Digital Divide and Schools Reopen: The digital divide in the country was also exposed in the unpreparedness of the majority of schools and universities to adopt online education. Again, the sliver of elite private schools and universities, who were already using learning management systems and had students that owned computers and broadband internet connections at home, were able to switch to online education with limited success.

However, for the vast majority of students the shutdowns of educational institutions translated into an early and extended summer vacation. As schools reopened in the last few months, accounts are emerging of the reality behind the government’s claims of online and distance learning during school closings. The learning loss that has resulted from these extended closings will be felt in the years to come. Schools will likely shut down again for an extended winter break. For most students, this academic year will have to be written off as a loss.

Aurat March: Early in the year, the second Aurat March put a spotlight on women’s rights and sparked heated debates. In the World Economic Forum’s Global Gender Gap Report for 2020, Pakistan’s rank continues to languish at 151 out of 153 countries, only ahead of Yemen and Iraq. Hang the Rapist: With this backdrop, the once taboo issue of violence against women is receiving more airtime. Every few weeks a high-profile case of rape or violence makes headlines (Lahore Motorway, Kashmore, etc). Coverage of these cases is causing public outrage and has been increasing the pressure on the government to enact police and legal reforms, but until that happens, with 11 cases of rape and gang-rape reported daily, and many more going unreported, Pakistan remains among the most unsafe countries for women and children.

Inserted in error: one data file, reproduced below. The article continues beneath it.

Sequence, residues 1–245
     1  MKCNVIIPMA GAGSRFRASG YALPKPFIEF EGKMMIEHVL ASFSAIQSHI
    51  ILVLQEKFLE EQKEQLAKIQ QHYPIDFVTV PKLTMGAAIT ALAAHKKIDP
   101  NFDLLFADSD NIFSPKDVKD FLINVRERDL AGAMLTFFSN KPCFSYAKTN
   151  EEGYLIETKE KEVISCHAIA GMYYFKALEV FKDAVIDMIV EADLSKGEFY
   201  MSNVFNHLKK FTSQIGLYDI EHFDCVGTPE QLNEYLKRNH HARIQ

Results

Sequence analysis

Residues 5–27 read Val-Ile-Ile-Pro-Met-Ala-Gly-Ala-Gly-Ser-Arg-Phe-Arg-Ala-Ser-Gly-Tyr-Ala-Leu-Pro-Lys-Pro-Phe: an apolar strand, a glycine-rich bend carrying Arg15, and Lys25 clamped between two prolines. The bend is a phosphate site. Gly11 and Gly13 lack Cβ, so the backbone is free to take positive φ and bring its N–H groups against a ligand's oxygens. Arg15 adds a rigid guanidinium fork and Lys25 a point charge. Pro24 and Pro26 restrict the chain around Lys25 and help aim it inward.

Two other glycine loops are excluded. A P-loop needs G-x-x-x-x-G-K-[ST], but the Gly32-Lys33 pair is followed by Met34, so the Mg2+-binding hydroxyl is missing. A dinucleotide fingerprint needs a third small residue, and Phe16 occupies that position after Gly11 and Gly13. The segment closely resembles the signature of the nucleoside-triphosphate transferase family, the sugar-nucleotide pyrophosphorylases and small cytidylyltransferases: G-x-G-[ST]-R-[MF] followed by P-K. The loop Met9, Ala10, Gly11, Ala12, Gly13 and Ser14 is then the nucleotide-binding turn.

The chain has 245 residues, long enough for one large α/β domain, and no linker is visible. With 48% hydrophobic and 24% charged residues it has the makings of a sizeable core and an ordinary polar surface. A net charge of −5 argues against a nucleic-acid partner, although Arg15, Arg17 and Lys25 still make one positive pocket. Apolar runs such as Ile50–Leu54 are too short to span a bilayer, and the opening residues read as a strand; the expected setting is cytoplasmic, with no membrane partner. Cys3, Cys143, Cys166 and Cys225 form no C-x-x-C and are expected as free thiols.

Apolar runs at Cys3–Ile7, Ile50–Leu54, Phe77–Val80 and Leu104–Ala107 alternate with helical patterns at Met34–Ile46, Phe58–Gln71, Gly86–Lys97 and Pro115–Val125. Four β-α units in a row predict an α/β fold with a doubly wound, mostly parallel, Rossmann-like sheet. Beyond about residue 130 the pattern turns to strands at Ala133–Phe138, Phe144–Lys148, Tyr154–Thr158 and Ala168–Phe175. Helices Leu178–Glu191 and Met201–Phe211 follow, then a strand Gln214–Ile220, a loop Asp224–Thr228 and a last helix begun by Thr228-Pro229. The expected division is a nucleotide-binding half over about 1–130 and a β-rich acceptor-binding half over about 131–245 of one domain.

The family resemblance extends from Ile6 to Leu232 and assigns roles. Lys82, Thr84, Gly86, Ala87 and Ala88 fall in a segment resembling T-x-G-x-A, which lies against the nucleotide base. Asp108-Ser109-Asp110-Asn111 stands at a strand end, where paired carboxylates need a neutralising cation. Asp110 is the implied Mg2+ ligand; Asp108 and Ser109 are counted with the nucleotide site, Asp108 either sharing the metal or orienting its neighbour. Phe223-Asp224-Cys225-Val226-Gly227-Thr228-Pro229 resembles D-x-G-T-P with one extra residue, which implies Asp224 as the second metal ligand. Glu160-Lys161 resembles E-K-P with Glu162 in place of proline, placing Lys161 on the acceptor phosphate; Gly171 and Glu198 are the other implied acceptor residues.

SNC and Aik Nisab: Historically, changes to the national curriculum have been whisked through without much public scrutiny or questioning. However, in 2020 the Single National Curriculum, or SNC, has ignited public debate like few curriculum changes in the past have, with numerous public intellectuals as well as the general public weighing in.

The increased public interest and input on an issue ordinarily considered insipid and dull has taken aback many in government. This greater-than-expected level of public engagement can be attributed to the rise of online platforms and wider internet penetration that have given voice to the otherwise voiceless.

Tea was Fantastic. The India-China Face-Off: India overplayed its hand in Balakot in 2019. The scrapping of Article 370 changing the status of Indian Occupied Kashmir later that year and the curfew and crackdown transformed it into the world’s biggest open-air prison have further opened India to charges of human right violations that the world is finding difficult to ignore, irrespective of trade interests. In 2020, India overplayed its hand once more when Indian soldiers skirmishes with Chinese forces in the Galwan river valley and several other points at the border.

The Modi government’s aggressive actions and diplomacy, not only against Pakistan, but also China, Nepal and Bangladesh, coupled with human right violations in Indian Occupied Kashmir have set it back on its heels, a rare situation for the Pakistani Foreign Office to find itself in.

Indian Terrorism Exposed: In mid-November, Foreign Minister Shah Mehmood Qureshi and DG ISPR Major General Babar Iftikhar held a press conference in which they publicly released evidence of what had long been alleged by Pakistan – Indian financing of anti-Pakistan militants hiding across the border in Afghanistan, using its string of consulates along the border. The evidence included bank transactions and audio clips of Indian handlers and terrorist assets. This public presentation of facts is a major departure in style and substance for Pakistan. While a single press conference may not change much, sticking to this more open style of argumentation will make it more difficult for world powers to look the other way.

To be continued